6 Questions to Test Your Knowledge of Alzheimer's Disease
It’s exam time at HealthCentral.com’s Alzheimer’s site to learn what you know about Alzheimer’s disease. This is a true/false/maybe test and you get to grade your own paper, but don’t cheat!! See if you know the latest and greatest about this disease. Here's the test:
1. Alzheimer’s disease is a type of dementia.
2. Having memory problems means that a person has Alzheimer’s or another type of dementia.
3. Alzheimer’s can be cured.
4. Alzheimer’s can be prevented.
5. Alzheimer’s follows a linear path so that the person with it continually declines mentally.
6. People die from Alzheimer’s disease.
Pencils down and let’s grade your responses.
Question 1 – True. The Mayo Clinic stated, “The word ‘dementia’ is an umbrella term used to describe a set of symptoms including impairment in memory, reasoning, judgment, language and other thinking skills. Dementia begins gradually in most cases, worsens over time and significantly impairs a person’s abilities in work, social interactions and relationships.” Types of dementia include Alzheimer’s disease (which is the most common type of dementia), vascular dementia (also known as multi-infarct dementia), frontotemporal dementia, and Lewy body dementia, and AIDS dementia complex. Each of these types of dementia differs; interestingly, memory impairment isn’t always the first sign that the person has a problem.
Question 2 – False. Having memory problems does not indicate that someone has Alzheimer’s or another type of dementia. For instance, my father uncharacteristically started having memory issues where he would start sentences but then trail off in mid-sentence, leaving the critical points unspoken. I’d ask him what his point was, and he couldn’t remember. But his lapses were much different than my mother’s, who was diagnosed with Alzheimer’s. I had Dad talk to his doctor because I was worried that his issues were a warning sign for a stroke, based on a new Harvard study that found that seniors who died from a stroke often suffered severe and rapid memory loss prior to the fatal stroke. And another time, the doctor linked Dad's memory lapses to one of the pain medications he was taking.
So what are the signs of Alzheimer’s disease? The Alzheimer’s Association has identified 10 warning signs which include:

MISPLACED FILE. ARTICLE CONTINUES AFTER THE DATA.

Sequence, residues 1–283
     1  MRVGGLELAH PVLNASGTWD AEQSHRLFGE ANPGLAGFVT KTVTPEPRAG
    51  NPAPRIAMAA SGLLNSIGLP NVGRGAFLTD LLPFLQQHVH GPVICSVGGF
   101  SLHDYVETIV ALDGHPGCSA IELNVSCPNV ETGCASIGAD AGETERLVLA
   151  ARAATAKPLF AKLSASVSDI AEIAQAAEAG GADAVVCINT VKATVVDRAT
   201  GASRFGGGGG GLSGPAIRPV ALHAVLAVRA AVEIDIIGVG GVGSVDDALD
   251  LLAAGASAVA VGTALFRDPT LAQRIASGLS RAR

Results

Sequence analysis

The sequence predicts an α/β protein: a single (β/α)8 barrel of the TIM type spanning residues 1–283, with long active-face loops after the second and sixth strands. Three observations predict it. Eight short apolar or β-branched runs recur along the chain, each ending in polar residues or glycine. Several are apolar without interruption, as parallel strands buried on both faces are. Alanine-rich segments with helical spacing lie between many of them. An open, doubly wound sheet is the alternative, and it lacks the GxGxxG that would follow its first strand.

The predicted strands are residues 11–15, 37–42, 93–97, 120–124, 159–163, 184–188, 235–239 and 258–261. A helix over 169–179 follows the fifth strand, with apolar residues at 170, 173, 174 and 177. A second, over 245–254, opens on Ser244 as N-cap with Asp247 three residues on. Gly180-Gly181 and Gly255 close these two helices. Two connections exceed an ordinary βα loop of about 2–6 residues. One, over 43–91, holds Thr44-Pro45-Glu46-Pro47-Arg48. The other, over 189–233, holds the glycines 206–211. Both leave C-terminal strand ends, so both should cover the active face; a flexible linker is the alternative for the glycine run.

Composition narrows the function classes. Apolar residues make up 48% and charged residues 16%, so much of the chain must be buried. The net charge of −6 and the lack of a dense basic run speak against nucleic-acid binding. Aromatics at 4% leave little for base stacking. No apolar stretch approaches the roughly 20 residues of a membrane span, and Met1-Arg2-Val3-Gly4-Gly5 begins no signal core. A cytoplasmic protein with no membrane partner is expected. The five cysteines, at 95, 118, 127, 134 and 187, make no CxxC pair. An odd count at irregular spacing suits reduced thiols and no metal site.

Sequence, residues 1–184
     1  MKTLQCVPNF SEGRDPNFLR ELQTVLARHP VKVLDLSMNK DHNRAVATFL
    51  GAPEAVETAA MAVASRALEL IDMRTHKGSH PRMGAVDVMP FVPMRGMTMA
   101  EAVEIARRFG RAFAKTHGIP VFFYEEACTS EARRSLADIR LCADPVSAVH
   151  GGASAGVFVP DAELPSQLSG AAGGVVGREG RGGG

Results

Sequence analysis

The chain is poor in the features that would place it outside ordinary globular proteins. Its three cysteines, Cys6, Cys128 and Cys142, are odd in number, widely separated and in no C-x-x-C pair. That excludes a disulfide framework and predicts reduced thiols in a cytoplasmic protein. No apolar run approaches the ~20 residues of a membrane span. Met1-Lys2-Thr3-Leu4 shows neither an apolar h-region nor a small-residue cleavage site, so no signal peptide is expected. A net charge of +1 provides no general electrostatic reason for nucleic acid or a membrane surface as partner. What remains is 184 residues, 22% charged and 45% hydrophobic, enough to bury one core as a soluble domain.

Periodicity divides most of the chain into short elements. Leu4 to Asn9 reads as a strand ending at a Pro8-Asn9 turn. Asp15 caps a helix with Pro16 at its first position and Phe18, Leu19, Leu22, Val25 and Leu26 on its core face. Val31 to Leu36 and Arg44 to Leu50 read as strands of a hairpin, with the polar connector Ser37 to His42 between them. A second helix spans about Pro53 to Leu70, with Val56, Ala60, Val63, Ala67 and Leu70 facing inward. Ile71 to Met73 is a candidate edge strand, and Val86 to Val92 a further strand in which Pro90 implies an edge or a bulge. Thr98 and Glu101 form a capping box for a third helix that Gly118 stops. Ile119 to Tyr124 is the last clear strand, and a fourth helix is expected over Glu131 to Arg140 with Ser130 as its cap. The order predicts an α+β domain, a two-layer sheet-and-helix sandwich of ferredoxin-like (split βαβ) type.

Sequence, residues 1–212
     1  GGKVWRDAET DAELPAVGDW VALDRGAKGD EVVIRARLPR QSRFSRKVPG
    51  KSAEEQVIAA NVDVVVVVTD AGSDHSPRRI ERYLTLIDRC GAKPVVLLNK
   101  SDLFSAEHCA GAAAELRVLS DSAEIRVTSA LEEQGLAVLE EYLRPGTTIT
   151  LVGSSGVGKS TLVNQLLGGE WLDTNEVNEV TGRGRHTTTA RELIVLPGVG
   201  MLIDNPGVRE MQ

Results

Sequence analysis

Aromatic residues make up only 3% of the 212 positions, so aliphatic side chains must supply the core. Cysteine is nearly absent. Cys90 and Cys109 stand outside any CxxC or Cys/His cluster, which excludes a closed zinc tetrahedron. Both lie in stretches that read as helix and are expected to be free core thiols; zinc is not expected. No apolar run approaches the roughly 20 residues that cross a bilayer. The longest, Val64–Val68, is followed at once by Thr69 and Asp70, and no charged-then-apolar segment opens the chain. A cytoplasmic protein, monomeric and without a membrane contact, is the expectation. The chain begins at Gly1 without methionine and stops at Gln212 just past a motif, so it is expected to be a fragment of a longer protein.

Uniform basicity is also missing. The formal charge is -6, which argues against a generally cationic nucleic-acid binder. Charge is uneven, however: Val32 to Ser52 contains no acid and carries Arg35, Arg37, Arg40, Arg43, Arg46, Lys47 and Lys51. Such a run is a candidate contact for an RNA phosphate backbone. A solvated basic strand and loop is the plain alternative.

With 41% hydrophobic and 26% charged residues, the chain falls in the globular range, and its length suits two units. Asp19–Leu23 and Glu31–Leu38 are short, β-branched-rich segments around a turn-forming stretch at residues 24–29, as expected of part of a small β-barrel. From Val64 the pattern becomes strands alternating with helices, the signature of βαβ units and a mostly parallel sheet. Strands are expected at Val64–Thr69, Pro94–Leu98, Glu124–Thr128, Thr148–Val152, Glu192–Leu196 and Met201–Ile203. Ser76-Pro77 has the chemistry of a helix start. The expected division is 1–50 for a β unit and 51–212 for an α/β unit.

- Memory loss that disrupts daily life.
- Challenges in planning or solving problems.
- Difficulty completing familiar tasks at home, at work or at leisure.
- Confusion with time or place.
- Trouble understanding visual images and spatial relationships.
- New problems with words in speaking or writing.
- Misplacing things and losing the ability to retrace steps.
- Decreased or poor judgment.
- Withdrawal from work or social activities.
- Changes in mood or personality.
Question 3 – False. Currently, there is no cure for Alzheimer’s disease.
Question 4 – Maybe. There hasn’t been a definitive answer, although some research has emerged that suggests that that lifestyle decisions -- such as diet, exercise, education – can help maintain overall health as well as reduce risk factors for getting Alzheimer’s. My motto is that we should all be proactive in doing the most we can, such as eating a Mediterranean diet and trying new things, in order to exercise our brain. It can’t hurt, and possibly can help.
Question 5 – False. While the person with Alzheimer’s does experience mental decline, their day-to-day ability to function may vary widely. For instance, when my mother was in an Alzheimer’s unit in an area nursing home, some friends who hadn’t seen her since the diagnosis came for a visit. On that particular day, Mom was “on” mentally, so much so that my friends thought that she sounded completely there and they couldn’t believe that she was in an Alzheimer’s unit. The next day, though, Mom was barely functioning. So the best gauge is to use the stages of Alzheimer’s to determine where a loved one is, but realize that wide variation.
Question 6 – Maybe. A person definitely can die from Alzheimer’s disease; in fact, Alzheimer’s is the sixth leading cause of death in the United States. However, people with Alzheimer’s can have other diseases that may prove fatal. For instance, my mother also had chronic obstructive pulmonary disease (COPD), which ultimately killed her. However, I believe that Alzheimer’s disease worked together with COPD to cause her physical decline.
Hopefully this test helped you learn more about Alzheimer’s disease and you’ll resolve to keep educating yourself. The good news is that there’s an increased focus on this disease, which has resulted in renewed research efforts. So there’s going to be more to learn in the near future – and hopefully, some of these announcements will include a cure!
- Mayo Clinic. (2011). Alzheimer's Disease.
- Alzheimer's Association. (2012). 10 Signs of Alzheimer's. Chicago, IL: Alzheimer's Association National Office.